The ACCC has a new target in its sites: the comparator website industry, warning that it will be keeping a close eye on websites making comparisons between products, services and prices from a range of suppliers.

In general these kinds websites are seen as a positive for consumers because they save time and encourage competition, however the ACCC is concerned they could mislead consumers and harm businesses if fair comparisons aren’t made or if information is excluded or over simplified.

“Emerging issues in the online marketplace are an ACCC priority, and players in the comparator website industry are on notice that we are watching. Anyone that comes across concerning conduct within the industry is encouraged to report it to the ACCC,” ACCC deputy chair Delia Rickard said.

Previously EnergyWatch and Compare The Market have been penalised after ACCC investigations for making misleading claims in advertising material.

“Comparator websites can drive competition and deliver significant savings and other benefits to consumers, but any new industry may have a few bad apples,” Rickard said.

The ACCC released a report today into the industry focusing only on comparator websites for telecommunications, private health insurance and energy providers. However there are lessons for the broader industry making comparisons online.

Behind-the-scenes machinations such as undisclosed commercial relationships affecting recommendations to consumers are a concern for the ACCC because a comparator website may earn some or all of its revenue from selling a product directly on the site or generating leads for the retailer or supplier whose products it compares. NB not all of these websites use this business model, for example some are funded by a subscriber base or government.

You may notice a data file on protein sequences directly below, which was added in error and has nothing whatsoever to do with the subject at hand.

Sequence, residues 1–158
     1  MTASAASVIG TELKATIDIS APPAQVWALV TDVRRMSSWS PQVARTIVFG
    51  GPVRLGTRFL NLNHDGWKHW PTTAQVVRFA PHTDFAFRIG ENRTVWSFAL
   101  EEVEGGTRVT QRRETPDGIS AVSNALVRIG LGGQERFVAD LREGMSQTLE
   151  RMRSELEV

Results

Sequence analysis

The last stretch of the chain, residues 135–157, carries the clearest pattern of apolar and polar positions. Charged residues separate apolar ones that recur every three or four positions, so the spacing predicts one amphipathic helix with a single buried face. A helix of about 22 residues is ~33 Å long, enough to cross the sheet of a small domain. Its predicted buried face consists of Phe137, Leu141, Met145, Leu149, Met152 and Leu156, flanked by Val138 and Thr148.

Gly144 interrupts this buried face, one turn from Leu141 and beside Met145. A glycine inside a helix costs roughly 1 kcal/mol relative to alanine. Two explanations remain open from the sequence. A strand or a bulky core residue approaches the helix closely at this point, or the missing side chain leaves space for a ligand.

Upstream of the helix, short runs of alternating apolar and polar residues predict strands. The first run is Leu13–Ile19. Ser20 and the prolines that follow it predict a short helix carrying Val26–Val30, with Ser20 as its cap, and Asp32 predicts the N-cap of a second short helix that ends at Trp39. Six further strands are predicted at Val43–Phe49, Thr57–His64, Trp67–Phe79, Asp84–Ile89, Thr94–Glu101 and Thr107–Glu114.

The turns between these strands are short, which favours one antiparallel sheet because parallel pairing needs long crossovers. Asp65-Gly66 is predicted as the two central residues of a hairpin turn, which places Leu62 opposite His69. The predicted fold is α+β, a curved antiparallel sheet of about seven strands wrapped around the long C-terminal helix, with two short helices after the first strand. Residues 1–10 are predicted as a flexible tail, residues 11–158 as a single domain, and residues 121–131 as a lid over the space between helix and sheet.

According to the ACCC reports, these agreements may lead to:

  • Inducement: service providers offering to pay more fees/commission to comparator website operators for the operator to promote or recommend the service provider’s products more often or in favour of competitors’ products.
  • Preferential treatment: comparator website operators promoting the products of particular service providers based on their commercial relationships rather than based on an individual consumer’s stated preferences.
  • Operation of algorithms: the assessment of product options against a consumer’s stated preferences takes place via the use of algorithms. These are often quite sophisticated formulas that are designed to filter the available options down to those that meet the consumer’s needs. Concerns arise where an algorithm is manipulated to operate in a manner that displays results on the basis of commercial relationships or objectives rather than the consumer’s stated preferences.

How much of the market is compared by the comparator website is also a concern, as are rankings outside of price, known as ‘value rankings.' Largely subjective, the ACCC report states websites should make clear how these rankings were determined as the top ranked product may not necessarily be the best for the individual's needs.

Finally, the information needs to be accurate. Delays in updating details or inaccurate descriptions could land these sites in hot water.

Early next year, the ACCC will be releasing best practice guidelines to assist comparator website operators and businesses to comply with Australia’s competition and consumer protection laws. The ACCC will also provide consumer guidance on how to check that they are "comparing apples with apples."